Beverly Park goes for 13th win in 26th start of 2022

By Jennie Rees, KY HBPA communications (Coady Photography photo of Beverly Park winning in June at Churchill Downs)

LOUISVILLE, Ky. (Friday, Nov. 11, 2022) — For those lamenting that horses today don’t run enough, meet Beverly Park.

If ever there was a horse that the Claiming Crown was meant to showcase it’s the 5-year-old Beverly Park, who runs in the $100,000 Claiming Crown Ready’s Rocket Express in Saturday’s eighth race at Churchill Downs.

Blue collar? Check. Work horse? Check. Helping to fill America’s racing cards? Check. Iron horse? Are you kidding me?

Beverly Park has raced 25 times in 2022, winning 12 with five seconds and three thirds. Those dozen victories are the most in North America, four more than the four horses in second at eight apiece. He has raced at 14 tracks this year alone. For his career, Beverly Park is 22-6-4 in 44 starts, earning $490,930.

“He’s just a blue-collar horse. He’s a tank,” said owner-trainer Norman L. Cash, who goes by his middle name of Lynn. “If you leave him in the stall, he’s mad. He just wants to get out and go. He’s the most healthy horse I’ve been around or seen. I think he won once on four days rest and a couple of times on five. Granted those were softer spots, but he puts it out there every time. With a couple of exceptions, he’s always right there.

“He’s just an amazing animal.”

The six-furlong Ready’s Rocket Express is for horses that have run for a claiming price of $8,000 or cheaper at any time in their career. The Express is one of eight Claiming Crown races, which are at Churchill Downs for the first time. The series is a production of the National Horsemen’s Benevolent & Protective Association (NHBPA) and the Thoroughbred Owners and Breeders Association (TOBA), with Churchill Downs and the Kentucky HBPA the hosts.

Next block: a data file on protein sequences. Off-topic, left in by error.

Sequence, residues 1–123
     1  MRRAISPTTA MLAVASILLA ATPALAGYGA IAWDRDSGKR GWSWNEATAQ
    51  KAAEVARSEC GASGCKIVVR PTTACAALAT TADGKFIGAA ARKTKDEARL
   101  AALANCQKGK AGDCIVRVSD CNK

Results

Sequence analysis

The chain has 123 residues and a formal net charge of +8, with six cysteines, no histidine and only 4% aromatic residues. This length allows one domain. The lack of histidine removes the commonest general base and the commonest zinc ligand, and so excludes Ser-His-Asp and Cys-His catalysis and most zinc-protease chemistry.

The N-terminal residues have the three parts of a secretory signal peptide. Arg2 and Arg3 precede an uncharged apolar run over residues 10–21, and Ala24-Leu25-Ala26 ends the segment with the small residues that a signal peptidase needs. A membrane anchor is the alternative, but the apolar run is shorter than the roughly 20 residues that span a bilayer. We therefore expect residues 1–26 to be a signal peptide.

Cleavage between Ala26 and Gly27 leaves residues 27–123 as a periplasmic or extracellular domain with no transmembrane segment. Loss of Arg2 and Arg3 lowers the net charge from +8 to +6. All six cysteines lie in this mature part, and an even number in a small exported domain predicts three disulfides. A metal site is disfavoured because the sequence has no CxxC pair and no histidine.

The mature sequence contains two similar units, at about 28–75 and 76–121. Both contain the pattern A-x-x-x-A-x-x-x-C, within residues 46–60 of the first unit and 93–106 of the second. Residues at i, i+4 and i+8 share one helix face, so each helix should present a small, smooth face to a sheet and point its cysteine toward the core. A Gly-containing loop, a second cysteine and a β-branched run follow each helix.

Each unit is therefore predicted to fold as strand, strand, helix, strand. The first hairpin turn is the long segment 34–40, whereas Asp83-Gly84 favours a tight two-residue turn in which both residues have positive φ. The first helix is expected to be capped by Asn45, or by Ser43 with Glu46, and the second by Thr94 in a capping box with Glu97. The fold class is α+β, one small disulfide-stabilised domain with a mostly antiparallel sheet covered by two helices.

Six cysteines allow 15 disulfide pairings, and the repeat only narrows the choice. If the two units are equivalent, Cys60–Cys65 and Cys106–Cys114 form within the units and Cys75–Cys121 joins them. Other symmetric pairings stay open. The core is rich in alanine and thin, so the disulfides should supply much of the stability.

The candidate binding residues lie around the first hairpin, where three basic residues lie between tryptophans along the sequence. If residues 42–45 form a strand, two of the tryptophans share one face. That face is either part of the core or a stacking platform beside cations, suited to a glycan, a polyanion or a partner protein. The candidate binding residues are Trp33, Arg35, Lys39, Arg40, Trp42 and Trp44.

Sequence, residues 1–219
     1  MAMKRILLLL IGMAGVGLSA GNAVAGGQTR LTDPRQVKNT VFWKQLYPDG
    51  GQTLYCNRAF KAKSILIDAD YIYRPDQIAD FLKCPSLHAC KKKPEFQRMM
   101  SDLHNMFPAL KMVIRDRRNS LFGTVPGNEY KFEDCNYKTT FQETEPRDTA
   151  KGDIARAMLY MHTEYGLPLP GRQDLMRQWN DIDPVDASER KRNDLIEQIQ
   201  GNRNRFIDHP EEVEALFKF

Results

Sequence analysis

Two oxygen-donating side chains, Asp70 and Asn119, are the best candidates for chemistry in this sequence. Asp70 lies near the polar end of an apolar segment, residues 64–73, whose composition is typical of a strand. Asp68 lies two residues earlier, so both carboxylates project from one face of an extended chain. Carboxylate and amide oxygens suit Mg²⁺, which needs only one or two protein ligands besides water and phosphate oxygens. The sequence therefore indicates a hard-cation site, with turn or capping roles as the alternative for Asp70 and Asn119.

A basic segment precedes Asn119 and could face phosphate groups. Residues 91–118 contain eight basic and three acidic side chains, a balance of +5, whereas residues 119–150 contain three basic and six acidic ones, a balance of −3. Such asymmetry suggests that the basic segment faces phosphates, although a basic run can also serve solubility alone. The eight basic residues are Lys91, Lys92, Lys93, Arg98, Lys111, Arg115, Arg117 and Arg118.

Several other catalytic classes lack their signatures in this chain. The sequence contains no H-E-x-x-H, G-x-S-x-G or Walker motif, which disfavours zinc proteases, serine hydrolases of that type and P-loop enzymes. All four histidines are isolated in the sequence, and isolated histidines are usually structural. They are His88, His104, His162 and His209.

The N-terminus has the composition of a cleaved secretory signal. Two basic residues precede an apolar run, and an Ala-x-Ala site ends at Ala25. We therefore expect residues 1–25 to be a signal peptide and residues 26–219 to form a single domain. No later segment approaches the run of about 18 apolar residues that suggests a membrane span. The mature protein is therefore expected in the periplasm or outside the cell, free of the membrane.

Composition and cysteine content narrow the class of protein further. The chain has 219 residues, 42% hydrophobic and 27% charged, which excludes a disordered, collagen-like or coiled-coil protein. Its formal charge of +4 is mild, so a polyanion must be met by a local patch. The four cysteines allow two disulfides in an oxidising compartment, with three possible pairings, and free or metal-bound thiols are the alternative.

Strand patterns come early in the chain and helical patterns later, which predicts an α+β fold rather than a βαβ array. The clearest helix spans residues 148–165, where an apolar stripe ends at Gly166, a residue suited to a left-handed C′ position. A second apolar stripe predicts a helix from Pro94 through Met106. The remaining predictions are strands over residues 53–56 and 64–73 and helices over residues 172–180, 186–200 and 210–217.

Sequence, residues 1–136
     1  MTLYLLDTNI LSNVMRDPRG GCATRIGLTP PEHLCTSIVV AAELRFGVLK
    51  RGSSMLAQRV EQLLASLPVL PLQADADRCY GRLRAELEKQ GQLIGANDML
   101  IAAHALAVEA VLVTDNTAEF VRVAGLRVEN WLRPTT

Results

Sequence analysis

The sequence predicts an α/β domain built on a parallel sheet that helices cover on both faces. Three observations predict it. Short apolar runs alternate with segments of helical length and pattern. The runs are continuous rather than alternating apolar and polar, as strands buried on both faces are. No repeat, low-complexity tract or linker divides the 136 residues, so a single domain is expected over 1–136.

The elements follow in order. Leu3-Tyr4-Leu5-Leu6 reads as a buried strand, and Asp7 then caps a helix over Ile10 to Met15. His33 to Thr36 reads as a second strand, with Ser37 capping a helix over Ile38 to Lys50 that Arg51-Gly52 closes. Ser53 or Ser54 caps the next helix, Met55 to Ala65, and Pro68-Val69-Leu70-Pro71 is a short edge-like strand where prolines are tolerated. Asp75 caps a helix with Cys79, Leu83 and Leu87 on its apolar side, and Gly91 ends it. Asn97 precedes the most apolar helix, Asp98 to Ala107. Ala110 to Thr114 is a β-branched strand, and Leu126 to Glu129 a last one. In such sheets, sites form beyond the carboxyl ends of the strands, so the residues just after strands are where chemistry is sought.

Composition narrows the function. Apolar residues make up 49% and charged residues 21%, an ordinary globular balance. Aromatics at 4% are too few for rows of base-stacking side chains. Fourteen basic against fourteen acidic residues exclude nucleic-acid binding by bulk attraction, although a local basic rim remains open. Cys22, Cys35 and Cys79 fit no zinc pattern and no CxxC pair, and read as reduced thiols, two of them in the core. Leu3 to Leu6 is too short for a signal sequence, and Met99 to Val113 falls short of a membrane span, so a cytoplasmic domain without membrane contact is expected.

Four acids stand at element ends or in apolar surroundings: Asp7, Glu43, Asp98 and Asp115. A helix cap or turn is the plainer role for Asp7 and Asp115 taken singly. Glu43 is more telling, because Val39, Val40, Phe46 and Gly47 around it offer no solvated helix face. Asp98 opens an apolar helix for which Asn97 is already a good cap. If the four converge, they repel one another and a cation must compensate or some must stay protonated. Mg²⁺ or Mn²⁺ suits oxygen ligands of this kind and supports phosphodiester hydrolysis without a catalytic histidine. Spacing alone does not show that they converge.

Cash — who only began training in the spring of 2021 and campaigns his horses with wife Lola in the name of Built Wright Stables — claimed Beverly Park on Aug. 5, 2021, out of a “non-winners of three” lifetime race with a $12,500 claiming tag. The horse’s win that day proved the second of eight straight and nine out of 10 for last season.

Beverly Park clearly has thrived in Cash’s care. Only once has the horse been worse than fourth, and that came at Turfway Park in his only race over a synthetic surface. He comes into the Claiming Crown nine days after winning a seven-furlong $5,000 starter-allowance race at Charles Town in West Virginia by 4 1/4 lengths in a field of eight. Nineteen days before that, he narrowly lost a $20,000 starter race at Keeneland, which came three weeks after he won just such a race at Churchill Downs.

Beverly Park has never competed in a stakes race, and that doesn’t change Saturday with the Claiming Crown staged as big-money starter-allowance races rather than stakes. But Cash has stakes horses in his stable of about 50 based at The Thoroughbred Center in Lexington and Maryland’s Laurel Park. Double Crown recently won New York’s $300,000, Grade 2 Kelso at 42-1 odds in his 12th start of the year. Sir Alfred James is a multiple stakes winner who was fourth in the Grade 1 Churchill Downs Stakes won by champion sprinter Jackie’s Warrior on the Kentucky Derby card.